Through the blueprint of: Stella Hoshii

You know, as much as cyberpunk likes to tell you about gaps between the rich and the poor, you don’t actually see the rich that much. Many times the rich might just be a myth for all you know. And when they do show up they’re really flat characters or just plain villains by default.

So what if we explored the idea of rich people in a cyberpunk setting?

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How VA-11 Hall-A drew inspiration from reality TV

Pic taken from The Hollywood Reporter

Back in the early development of VA-11 Hall-A’s full version, at a point where we just managed to spit out a demo and were confident enough to start the full version, we ran into a very particular problem.

We knew we wanted to make character-focused plots like with the prototype, but we needed a way to string them all together on an in-game day. We were working on day 1 and we had Donovan, Ingram, and Sei almost fully written but we didn’t know how to contextualize them together.

Then Kiririn just said “Well, how does Pawn Stars do it?”.

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Through the blueprint of *Kira* Miki

She’s the star that always shines in the dark night sky. She’s the glow that will guide you through your sorrow. She’s the northern light that will show you your dreams.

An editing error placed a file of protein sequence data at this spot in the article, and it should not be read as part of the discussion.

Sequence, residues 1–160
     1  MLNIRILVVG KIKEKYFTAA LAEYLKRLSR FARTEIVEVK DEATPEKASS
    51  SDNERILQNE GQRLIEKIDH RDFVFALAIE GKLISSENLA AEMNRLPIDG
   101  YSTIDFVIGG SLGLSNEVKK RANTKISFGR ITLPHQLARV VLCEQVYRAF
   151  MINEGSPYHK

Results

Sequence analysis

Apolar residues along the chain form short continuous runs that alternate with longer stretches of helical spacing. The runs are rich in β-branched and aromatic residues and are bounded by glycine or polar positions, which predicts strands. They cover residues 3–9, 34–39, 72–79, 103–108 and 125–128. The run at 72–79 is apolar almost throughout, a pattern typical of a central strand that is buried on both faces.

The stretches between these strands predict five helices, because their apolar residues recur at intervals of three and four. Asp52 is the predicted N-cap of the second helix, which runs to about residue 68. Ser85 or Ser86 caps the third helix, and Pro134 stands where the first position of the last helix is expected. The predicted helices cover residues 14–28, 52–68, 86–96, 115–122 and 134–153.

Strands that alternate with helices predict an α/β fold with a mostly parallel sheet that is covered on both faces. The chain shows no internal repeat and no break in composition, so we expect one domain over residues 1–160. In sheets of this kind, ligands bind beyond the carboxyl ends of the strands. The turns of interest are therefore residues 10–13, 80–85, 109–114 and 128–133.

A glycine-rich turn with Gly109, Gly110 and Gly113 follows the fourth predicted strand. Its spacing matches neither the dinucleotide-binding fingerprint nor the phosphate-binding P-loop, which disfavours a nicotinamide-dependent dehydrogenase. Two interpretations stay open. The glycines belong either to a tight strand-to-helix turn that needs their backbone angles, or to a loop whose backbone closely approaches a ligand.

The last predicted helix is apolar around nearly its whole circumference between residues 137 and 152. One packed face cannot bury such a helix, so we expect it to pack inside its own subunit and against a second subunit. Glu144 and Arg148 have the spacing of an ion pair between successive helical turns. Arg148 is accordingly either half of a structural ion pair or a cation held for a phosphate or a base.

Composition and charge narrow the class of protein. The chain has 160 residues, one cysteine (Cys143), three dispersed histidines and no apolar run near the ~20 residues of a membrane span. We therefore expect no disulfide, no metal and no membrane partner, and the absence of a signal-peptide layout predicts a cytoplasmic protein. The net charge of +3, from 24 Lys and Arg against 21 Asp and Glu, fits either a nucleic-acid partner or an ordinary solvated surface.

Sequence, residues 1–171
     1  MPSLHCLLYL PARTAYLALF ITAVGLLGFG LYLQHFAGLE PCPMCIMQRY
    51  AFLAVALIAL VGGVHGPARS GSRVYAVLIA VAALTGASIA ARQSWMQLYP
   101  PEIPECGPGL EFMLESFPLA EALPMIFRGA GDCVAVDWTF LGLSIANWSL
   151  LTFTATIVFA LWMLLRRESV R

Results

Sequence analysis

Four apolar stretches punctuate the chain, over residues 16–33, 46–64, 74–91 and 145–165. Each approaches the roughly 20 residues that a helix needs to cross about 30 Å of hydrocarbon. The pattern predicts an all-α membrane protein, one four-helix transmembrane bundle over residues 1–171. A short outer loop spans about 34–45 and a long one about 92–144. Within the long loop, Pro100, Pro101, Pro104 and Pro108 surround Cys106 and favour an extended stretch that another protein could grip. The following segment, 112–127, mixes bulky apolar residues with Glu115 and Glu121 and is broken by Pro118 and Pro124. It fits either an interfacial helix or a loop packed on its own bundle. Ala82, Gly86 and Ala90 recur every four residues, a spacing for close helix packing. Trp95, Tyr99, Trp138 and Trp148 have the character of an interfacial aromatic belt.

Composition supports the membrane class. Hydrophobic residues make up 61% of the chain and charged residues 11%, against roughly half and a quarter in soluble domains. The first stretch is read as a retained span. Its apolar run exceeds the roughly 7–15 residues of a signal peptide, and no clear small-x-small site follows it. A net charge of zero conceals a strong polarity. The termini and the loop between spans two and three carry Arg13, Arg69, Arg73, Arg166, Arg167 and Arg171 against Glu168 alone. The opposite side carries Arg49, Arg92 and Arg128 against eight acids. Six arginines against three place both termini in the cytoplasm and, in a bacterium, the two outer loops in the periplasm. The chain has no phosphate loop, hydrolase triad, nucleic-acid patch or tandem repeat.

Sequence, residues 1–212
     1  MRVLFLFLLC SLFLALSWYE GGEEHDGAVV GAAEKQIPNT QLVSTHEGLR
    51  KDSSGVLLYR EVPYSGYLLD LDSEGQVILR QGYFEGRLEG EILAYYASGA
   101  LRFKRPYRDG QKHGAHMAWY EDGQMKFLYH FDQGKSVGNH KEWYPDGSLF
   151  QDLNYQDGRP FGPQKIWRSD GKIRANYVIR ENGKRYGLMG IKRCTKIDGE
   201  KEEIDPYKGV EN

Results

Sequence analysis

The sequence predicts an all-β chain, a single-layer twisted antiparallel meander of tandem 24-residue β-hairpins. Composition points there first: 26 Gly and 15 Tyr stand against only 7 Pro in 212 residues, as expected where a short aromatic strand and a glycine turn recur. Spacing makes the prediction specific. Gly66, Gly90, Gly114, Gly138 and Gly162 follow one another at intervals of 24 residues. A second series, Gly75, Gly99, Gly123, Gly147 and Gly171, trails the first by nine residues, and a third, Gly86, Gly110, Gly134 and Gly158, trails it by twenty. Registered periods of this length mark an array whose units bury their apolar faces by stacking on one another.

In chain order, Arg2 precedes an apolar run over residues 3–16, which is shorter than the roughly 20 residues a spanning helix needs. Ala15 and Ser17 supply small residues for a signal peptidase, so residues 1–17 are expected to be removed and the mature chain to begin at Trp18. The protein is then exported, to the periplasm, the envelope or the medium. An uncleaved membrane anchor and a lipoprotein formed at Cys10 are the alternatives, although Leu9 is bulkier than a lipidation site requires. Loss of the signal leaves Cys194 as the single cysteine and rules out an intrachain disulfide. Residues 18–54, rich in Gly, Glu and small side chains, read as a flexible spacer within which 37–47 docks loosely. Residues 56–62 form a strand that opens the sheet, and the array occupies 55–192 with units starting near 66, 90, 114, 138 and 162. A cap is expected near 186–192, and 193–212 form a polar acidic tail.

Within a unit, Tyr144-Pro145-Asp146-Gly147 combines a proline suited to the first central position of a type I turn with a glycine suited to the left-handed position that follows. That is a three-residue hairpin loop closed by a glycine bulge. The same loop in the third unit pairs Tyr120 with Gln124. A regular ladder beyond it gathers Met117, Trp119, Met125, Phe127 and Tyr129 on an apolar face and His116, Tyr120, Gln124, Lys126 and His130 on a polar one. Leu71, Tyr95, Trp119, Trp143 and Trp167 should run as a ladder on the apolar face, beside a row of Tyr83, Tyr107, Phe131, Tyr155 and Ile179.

She’s *Kira* Miki and September 3rd was her birthday.

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Through the blueprint of Betty

On August 19th 2014 we released Prologue as an experiment of sorts. We wanted to test the grounds of a full release (in which we found out the glass ceiling of RenPy… which we’ll discuss at a later date). We also wanted to release… something, anything. Not helped by the fact that people were expecting the game like it had been years in development or something.

And even if she’s not as much of a central figure of the plot in the final version, Betty was for all intents and purposes a trailblazer for us. She’s a very important character in VA-11 Hall-A’s development history.

We made her birthday the Prologue release anniversary for a reason, so let’s talk about Betty.

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Through the blueprint of Streaming-chan

Please note that this post assumes you’ve played through the game at least once. Potential spoilers will be left unmarked.

I love writing off-the-wall and crazy characters, they’re just so much fun. Streaming-chan might be the character I had the most fun writing scenes for.

And since today’s her birthday (August 8th), let’s go through what went into making her, shall we?

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Musings about innocence and being yourself